Read Next

    Advertising
    Advertising
    Advertising

    Last Updated on February 15, 2019

    Why Is Goal Setting Important to a Truly Fulfilling Life?

    Why Is Goal Setting Important to a Truly Fulfilling Life?

    In Personal Development-speak, we are always talking about goals, outcomes, success, desires and dreams. In other words, all the stuff we want to do, achieve and create in our world.

    And while it’s important for us to know what we want to achieve (our goal), it’s also important for us to understand why we want to achieve it; the reason behind the goal or some would say, our real goal.

    Why is goal setting important?

    1. Your needs and desire will be fulfilled.

    Sometimes when we explore our “why”, (why we want to achieve a certain thing) we realize that our “what” (our goal) might not actually deliver us the thing (feeling, emotion, internal state) we’re really seeking.

    For example, the person who has a goal to lose weight in the belief that weight loss will bring them happiness, security, fulfillment, attention, popularity and the partner of their dreams. In this instance, their “what” is weight-loss and their “why” is happiness (etc.) and a partner.

    Advertising

    Six months later, they have lost the weight (achieved their goal) but as is often the case, they’re not happier, not more secure, not more confident, not more fulfilled and in keeping with their miserable state, they have failed to attract their dream partner.

    After all, who wants to be with someone who’s miserable? They achieved their practical goal but still failed to have their needs met.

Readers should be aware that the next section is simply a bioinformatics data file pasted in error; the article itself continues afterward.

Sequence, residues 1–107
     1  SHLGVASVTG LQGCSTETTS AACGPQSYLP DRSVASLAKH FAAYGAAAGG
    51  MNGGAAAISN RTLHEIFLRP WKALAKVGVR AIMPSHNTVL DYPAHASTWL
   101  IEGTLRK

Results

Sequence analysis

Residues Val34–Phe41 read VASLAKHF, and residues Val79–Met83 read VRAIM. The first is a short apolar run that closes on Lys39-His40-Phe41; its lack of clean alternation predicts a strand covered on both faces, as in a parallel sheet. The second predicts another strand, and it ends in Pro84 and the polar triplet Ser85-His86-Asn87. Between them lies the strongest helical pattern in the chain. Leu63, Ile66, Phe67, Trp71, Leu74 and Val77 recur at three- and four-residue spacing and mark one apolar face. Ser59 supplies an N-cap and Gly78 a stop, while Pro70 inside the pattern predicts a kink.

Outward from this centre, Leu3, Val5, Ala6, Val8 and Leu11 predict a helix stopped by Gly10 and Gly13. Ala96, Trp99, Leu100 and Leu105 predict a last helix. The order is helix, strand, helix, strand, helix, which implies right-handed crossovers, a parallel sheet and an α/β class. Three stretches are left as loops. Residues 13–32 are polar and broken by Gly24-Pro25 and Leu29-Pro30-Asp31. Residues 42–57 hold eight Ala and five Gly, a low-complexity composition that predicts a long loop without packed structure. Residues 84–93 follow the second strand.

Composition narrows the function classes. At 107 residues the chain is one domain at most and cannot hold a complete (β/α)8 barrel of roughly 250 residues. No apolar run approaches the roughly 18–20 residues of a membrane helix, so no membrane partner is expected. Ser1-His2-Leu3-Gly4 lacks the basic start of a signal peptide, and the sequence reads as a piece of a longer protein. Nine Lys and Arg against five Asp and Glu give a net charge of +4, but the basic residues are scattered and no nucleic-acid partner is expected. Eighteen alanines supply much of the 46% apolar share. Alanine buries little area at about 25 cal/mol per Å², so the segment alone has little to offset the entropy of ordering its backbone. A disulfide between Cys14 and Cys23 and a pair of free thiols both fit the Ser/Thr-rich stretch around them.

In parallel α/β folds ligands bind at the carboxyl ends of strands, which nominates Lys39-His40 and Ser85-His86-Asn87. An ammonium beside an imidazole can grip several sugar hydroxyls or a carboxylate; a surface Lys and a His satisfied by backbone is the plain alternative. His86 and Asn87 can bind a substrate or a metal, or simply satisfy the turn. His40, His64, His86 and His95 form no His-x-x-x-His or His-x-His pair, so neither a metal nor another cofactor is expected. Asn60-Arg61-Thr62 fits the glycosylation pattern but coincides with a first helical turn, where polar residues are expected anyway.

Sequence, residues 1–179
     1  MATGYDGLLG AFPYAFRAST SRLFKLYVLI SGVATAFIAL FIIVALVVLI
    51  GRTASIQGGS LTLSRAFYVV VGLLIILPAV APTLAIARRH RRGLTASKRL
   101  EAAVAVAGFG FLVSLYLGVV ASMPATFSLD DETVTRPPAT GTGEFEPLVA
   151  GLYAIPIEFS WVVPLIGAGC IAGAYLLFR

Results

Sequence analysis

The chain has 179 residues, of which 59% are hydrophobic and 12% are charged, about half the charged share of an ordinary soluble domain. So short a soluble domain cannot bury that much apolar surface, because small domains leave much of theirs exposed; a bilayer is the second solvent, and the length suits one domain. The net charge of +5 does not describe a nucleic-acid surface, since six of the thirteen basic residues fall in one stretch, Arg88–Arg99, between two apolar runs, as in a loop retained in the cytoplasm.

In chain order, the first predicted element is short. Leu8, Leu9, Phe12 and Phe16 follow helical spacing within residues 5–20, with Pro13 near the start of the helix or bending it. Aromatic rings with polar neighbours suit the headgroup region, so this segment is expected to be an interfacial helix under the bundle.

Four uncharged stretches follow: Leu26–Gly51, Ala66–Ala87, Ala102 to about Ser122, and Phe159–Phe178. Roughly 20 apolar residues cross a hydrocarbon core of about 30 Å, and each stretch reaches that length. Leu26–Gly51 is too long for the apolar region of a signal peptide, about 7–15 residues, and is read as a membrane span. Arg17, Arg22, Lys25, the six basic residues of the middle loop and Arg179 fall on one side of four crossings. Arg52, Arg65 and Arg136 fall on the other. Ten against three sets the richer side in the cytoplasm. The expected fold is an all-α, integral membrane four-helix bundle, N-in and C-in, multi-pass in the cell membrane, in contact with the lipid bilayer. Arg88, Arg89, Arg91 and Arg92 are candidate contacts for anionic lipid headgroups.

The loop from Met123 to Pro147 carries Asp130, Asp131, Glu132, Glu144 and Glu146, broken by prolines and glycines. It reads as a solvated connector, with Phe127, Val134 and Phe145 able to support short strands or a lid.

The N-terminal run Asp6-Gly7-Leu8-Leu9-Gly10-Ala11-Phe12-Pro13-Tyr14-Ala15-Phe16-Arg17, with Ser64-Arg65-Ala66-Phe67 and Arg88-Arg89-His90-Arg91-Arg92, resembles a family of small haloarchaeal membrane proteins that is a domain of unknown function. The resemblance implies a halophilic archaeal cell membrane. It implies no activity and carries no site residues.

So they set a goal to lose another ten pounds. And then another. And maybe just ten more. With the destructive and erroneous belief that if they can get thin enough, they’ll find their own personal nirvana. And we all know how that story ends.

    2. You’ll find out what truly motivates you

    The important thing in the process of constructing our best life is not necessarily what goals we set (what we think we want) but what motivates us towards those goals (what we really want).

    The sooner we begin to explore, identify and understand what motivates us towards certain achievements, acquisitions or outcomes (that is, we begin moving towards greater consciousness and self awareness), the sooner we will make better decisions for our life, set more intelligent (and dare I say, enlightened) goals and experience more fulfilment and less frustration.

    Advertising

    We all know people who have achieved what they set out to, only to end up in the same place or worse (emotionally, psychologically, sociologically) because what they were chasing wasn’t really what they were needing.